Broadway road diet is a good idea


From: Mike Kennedy



I strongly believe that there are still important questions to consider regarding the Broadway road diet project. I have attended/listened to many council meetings when the project was discussed and ultimately supported. I have discussed these issues with many of our neighbors, tried often to explain the safety benefits to residents that do not live near downtown, and my wife and I have personally seen/experienced many close calls on Broadway that endangered people’s safety.

Please read and consider the important points made here and encourage your council representatives to go forward with this project.  

The council has voted favorably numerous times over the last several years to move forward on the Broadway Road Diet project. We are a Minnesota GreenStep city and have completed and qualified for the federal road diet grant. As a Winona citizen, I look at that as a contractual commitment by the city to complete it.

I am also concerned that a decision to not go forward now, without any opportunities for citizens at a public meeting to speak, would be disingenuous to past support of the Broadway road diet and the city planner’s involvement. What are we going to do for Broadway safety if this is voted down? Is doing nothing an option? How much will you put in the future city budget for safety improvements?

The city has already spent approximately $170,000 on this project. Did we spend that money without a full understanding of where we were going? Will it be wasted?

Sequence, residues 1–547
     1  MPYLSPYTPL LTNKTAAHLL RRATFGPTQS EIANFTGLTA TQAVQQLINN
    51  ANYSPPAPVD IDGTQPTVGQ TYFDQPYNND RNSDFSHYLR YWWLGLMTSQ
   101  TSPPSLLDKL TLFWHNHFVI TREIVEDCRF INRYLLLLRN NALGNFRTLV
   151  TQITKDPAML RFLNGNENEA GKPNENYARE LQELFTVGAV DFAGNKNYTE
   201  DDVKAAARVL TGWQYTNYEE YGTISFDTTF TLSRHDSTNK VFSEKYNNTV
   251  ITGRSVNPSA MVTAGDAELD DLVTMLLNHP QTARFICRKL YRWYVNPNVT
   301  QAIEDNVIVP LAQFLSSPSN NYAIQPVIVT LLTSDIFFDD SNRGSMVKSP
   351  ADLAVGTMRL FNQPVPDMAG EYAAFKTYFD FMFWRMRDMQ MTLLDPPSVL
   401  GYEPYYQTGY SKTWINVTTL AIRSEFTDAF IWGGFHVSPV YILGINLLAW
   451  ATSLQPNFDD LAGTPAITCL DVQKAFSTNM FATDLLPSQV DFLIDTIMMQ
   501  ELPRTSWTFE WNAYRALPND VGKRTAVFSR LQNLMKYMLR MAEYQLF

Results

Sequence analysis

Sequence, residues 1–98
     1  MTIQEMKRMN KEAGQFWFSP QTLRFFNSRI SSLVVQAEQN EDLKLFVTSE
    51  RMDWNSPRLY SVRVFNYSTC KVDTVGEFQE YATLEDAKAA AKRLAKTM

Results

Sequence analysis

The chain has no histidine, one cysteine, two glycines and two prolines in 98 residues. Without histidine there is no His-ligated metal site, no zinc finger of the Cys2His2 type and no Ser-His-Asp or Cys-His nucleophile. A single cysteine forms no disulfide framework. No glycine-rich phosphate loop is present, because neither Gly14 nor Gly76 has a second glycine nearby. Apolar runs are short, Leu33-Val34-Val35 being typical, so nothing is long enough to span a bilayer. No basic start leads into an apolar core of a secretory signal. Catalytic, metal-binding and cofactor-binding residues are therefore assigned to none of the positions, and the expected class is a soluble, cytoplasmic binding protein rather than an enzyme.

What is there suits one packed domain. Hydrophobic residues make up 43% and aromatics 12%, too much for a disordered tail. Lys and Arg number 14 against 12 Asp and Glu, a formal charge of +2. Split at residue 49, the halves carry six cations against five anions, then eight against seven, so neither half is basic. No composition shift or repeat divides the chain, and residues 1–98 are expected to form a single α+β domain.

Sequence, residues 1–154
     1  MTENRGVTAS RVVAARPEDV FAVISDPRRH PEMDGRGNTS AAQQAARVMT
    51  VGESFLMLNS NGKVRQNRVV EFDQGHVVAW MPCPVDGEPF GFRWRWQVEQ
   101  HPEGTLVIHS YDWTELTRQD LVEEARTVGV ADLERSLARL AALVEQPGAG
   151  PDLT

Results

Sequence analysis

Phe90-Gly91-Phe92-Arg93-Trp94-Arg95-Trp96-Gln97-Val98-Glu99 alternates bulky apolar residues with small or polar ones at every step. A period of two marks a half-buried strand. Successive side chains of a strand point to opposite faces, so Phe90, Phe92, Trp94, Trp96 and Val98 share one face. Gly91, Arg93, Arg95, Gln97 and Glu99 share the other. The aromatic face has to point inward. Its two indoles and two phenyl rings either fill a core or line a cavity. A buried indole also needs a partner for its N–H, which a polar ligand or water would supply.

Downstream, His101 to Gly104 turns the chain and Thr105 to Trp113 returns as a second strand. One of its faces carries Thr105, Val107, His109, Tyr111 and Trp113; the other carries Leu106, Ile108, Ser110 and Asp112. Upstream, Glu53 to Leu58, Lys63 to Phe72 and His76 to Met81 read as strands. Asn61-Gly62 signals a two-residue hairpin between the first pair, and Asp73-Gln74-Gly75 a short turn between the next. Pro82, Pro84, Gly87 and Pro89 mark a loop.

One of the many safety aspects of the Broadway Road Diet project that is being paid for by this grant is the installation of state mandated ADA-compliant curb cuts along the entire 1.5-mile project. Can we reverse our commitment to the handicapped users of these necessary improvements for greater mobility on this busy street?

Having completed the application and qualified for the millions of dollars in the federal grant, can we really afford to now turn down that money, and later we must find it in our city budget? That seems like a fiscally irresponsible thing to do for the taxpayers.


 Benefits include:

• Crash reduction;

• Fewer rear-end and left-turn crashes;

• Fewer lanes for people walking to cross;

• Provides space for bicycle lanes, street parking, bus stops, curb extensions or other uses;

• Simplifies left turns from side streets;

• Smoother traffic flow;

• Less lane switching; and,

• When done, as part of a reconstruction, there are many positive uses for the space created.


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